Start with the "loss of Eden" myth as understood by advocates of business as usual for the welfare state university.
Let’s go back to post-World War II, 1950s when the GI bill, and the affordability – and sometimes free access – to universities created an upsurge of college students across the country. This surge continued through the ’60s, when universities were the very heart of intense public discourse, passionate learning, and vocal citizen involvement in the issues of the times. It was during this time, too, when colleges had a thriving professoriate, and when students were given access to a variety of subject areas, and the possibility of broad learning. The liberal arts stood at the center of a college education, and students were exposed to philosophy, anthropology, literature, history, sociology, world religions, foreign languages and cultures. Of course, something else happened, beginning in the late '50s into the '60s — the uprisings and growing numbers of citizens taking part in popular dissent — against the Vietnam War, against racism, against destruction of the environment in a growing corporatized culture, against misogyny, against homophobia. Where did much of that revolt incubate? Where did large numbers of well-educated, intellectual, and vocal people congregate? On college campuses. Who didn’t like the outcome of the '60s? The corporations, the war-mongers, those in our society who would keep us divided based on our race, our gender, our sexual orientation.Build straw men much? Condescend much? Virtue-signal much? Those all appear to be common errors on the part of supposedly educated people, who would rather blame all their troubles on false consciousness or Koch money or something, rather than consider the possibility that their policy prescriptions don't bring a new birth of freedom.
What, then, are the five steps?
Step I: Defund public higher education.
Her interpretation of what happened is partially correct.
Under the guise of many “conflicts,” such as budget struggles, or quotas, defunding was consistently the result. This funding argument also was used to reshape the kind of course offerings and curriculum focus found on campuses. [Anna] Victoria writes, “Attacks on humanities curriculums, political correctness, and affirmative action shifted the conversation on public universities to the right, creating a climate of skepticism around state funded schools. State budget debates became platforms for conservatives to argue why certain disciplines such as sociology, history, anthropology, minority studies, language, and gender studies should be defunded…” on one hand, through the argument that they were not offering students the “practical” skills needed for the job market — which was a powerful way to increase emphasis on what now is seen as vocational focus rather than actual higher education, and to devalue those very courses that trained and expanded the mind, developed a more complete human being, a more actively intelligent person and involved citizen.There might be something to the dumbing down of the humanities and the social sciences, but that might be as much from the fashionable nonsense masquerading as developing rigor as it might be animus on the part of legislatures.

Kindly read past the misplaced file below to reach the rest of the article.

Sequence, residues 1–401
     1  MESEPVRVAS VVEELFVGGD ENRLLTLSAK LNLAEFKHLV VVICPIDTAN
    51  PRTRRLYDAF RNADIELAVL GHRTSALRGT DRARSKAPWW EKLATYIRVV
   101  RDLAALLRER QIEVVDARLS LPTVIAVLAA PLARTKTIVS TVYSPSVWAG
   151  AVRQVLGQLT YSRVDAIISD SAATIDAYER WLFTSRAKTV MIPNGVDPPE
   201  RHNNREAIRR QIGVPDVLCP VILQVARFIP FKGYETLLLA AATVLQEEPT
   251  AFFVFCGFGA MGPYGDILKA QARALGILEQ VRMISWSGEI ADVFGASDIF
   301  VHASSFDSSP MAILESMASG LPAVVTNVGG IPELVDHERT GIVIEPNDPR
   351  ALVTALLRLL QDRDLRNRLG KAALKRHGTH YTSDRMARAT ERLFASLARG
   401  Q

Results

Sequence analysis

Another argument used to attack the humanities was “…their so-called promotion of anti-establishment sentiment. Gradually, these arguments translated into real -- and often deep -- cuts into the budgets of state university systems,” especially in those most undesirable areas that the establishment found to run counter to their ability to control the population’s thoughts and behavior. The idea of “manufactured consent” should be talked about here – because if you remove the classes and the disciplines that are the strongest in their ability to develop higher level intellectual rigor, the result is a more easily manipulated citizenry, less capable of deep interrogation and investigation of the establishment “message.”
Step II: Deprofessionalize and impoverish the professors (and continue to create a surplus of underemployed and unemployed Ph.D.s).
That has been coming for a long time, starting as early as (gasp) those enlightened 1960s as administrators confronted the effects of reduced birth rates at the end of the baby boom.
Whether as a pragmatic adjustment, or as a way to free up resources to expand employment of deanlets or deanlings, or as a way to kill interest in academic vocations, it's not pretty.
This is how you break the evil, wicked, leftist academic class in America — you turn them into low-wage members of the precariat – that growing number of American workers whose employment is consistently precarious. All around the country, our undergraduates are being taught by faculty living at or near the poverty line, who have little to no say in the way classes are being taught, the number of students in a class, or how curriculum is being designed. They often have no offices in which to meet their students, no professional staff support, no professional development support. One million of our college professors are struggling to continue offering the best they can in the face of this wasteland of deteriorated professional support, while living the very worst kind of economic insecurity. Unlike those communist countries, which sometimes executed their intellectuals, here we are being killed off by lack of healthcare, by stress-related illness like heart-attacks or strokes. While we’re at it, let’s add suicide to that list of killers.There's an unexploited gain from trade here, as opponents of the radical dispensation in higher education such as Martin (Impostors in the Temple) Anderson and Allan (Closing of the American Mind) Bloom and Charlie (Prof Scam) Sykes have suggested that adjunctification is part of the rot, not a clever ploy to sharpen capitalist tools.